This past Sunday, my mom and aunt came to see the show. My mom walked around the show, looked at the work, then she looked at the titles. And then she said, that’s your diary? From when? I said high school. She sat down and read the whole thing…she was pretty moved. My dad came at a different time, I’d say he was enlightened too. He said he had no idea what he was walking into today. He said he never realized that he didn’t really know who I was as a whole person, inside and out. My mom was so moved and so sad that she didn’t do more, because my coming out story was not a good one. We were always very open, but parents and teenagers…parents are so on the outside at that time.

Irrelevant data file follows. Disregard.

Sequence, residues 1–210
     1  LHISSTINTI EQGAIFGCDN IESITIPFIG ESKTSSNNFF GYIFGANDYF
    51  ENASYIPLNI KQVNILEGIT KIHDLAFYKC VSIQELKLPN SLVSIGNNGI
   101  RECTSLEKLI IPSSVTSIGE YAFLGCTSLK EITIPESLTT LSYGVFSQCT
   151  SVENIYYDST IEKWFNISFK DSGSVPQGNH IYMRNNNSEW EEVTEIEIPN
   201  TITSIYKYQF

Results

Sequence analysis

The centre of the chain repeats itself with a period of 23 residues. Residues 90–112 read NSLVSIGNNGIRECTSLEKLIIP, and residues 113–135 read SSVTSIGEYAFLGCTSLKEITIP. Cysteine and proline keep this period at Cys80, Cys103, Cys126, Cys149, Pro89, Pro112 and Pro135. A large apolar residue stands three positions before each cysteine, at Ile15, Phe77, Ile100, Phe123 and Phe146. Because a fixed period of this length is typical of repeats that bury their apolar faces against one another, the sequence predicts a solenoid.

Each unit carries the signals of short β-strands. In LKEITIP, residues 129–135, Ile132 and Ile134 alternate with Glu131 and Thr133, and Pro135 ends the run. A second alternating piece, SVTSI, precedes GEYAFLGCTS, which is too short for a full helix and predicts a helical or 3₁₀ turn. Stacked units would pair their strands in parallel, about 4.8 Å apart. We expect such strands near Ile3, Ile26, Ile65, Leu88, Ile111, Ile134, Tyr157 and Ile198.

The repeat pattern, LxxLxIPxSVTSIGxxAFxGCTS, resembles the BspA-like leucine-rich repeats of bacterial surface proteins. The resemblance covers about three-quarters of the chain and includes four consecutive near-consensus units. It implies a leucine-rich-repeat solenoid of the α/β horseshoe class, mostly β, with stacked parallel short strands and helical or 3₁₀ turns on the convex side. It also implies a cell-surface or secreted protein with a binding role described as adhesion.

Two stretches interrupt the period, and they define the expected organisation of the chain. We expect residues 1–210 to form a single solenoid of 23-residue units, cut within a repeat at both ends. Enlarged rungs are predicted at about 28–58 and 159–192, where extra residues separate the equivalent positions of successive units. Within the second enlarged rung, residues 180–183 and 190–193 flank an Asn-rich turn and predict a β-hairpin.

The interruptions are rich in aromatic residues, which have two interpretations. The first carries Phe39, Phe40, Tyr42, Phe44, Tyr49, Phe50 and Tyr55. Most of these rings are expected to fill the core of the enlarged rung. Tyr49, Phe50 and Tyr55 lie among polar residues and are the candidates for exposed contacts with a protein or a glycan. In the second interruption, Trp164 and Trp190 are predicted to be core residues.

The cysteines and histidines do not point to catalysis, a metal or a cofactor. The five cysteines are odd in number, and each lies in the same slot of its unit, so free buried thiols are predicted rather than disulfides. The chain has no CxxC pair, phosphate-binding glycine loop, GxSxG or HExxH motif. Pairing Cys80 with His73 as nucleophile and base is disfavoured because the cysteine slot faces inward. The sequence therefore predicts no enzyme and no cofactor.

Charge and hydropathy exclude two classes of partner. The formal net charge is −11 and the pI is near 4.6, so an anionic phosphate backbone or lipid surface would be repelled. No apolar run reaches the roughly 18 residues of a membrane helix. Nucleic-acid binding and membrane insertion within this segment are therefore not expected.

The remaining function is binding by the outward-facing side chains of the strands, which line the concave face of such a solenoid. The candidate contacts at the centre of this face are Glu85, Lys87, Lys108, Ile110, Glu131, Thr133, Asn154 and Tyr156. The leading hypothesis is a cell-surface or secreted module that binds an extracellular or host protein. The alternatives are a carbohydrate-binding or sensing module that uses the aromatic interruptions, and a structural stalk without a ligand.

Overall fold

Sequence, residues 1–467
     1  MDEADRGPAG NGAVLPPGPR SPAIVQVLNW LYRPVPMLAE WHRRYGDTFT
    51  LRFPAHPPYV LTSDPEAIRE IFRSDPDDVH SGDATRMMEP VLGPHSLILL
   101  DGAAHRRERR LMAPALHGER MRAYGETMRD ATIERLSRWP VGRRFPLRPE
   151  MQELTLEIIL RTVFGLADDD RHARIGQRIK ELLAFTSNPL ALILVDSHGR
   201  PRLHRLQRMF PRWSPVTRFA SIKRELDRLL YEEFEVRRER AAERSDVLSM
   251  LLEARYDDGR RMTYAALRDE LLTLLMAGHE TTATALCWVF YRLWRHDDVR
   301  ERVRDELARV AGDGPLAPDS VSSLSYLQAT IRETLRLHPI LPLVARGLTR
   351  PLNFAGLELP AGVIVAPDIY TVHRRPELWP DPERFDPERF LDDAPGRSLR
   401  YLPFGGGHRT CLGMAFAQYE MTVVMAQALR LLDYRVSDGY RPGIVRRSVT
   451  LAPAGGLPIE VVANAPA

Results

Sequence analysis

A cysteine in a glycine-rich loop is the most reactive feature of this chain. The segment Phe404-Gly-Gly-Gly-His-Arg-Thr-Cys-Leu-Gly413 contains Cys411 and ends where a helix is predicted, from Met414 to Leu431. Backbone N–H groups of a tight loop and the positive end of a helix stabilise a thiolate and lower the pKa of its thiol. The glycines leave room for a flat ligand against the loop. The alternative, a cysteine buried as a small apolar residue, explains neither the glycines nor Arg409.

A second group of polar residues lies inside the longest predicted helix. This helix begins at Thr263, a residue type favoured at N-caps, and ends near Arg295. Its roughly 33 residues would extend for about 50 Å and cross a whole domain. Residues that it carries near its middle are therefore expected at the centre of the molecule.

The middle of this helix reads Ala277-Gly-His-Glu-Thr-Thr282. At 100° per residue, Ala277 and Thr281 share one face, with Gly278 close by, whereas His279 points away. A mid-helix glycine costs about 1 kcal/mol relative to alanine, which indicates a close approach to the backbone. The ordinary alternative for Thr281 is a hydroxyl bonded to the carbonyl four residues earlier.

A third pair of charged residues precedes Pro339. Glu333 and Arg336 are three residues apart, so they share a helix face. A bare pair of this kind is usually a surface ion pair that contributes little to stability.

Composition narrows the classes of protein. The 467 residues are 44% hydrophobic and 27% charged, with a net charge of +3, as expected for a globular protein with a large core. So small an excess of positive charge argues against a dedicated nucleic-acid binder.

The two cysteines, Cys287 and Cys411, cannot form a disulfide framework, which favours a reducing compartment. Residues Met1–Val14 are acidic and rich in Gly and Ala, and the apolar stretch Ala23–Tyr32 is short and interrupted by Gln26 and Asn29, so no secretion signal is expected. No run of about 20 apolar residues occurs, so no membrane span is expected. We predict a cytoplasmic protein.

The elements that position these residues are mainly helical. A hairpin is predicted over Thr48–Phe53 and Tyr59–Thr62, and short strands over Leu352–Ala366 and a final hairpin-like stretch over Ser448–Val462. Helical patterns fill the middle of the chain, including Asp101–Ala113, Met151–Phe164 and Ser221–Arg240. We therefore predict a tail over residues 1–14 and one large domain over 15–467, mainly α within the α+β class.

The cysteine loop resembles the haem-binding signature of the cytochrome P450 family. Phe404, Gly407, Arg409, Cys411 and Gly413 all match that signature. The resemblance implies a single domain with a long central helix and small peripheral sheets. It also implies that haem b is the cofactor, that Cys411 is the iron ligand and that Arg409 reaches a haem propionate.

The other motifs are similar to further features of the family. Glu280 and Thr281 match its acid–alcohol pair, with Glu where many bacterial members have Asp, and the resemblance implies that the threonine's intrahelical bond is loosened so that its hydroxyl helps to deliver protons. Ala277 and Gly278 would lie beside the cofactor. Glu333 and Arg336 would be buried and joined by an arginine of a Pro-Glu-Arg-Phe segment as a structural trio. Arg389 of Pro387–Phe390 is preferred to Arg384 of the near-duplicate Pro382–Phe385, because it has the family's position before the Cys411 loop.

My mom wasn’t only heartbroken, but she was also heartbroken by her own feelings and doings because I talk about it in the diary. That diary was a part of me that no one was ever supposed to read, but strangers have come in and read it. They’ve sat down and asked how long they can stay and I tell them they can stay as long as they want. One girl was sobbing on the floor because she felt we’d lived identical lives. It was quite an experience with my parents and strangers–but with my mom, it was definitely the most beautiful and the most intense. I really had no idea this show would touch people in such a deep and meaningful way. As an artist, the the gift, right? They’re giving me a gift by sharing with me.Purchase Zach’s work to support Discovering Deaf Worlds here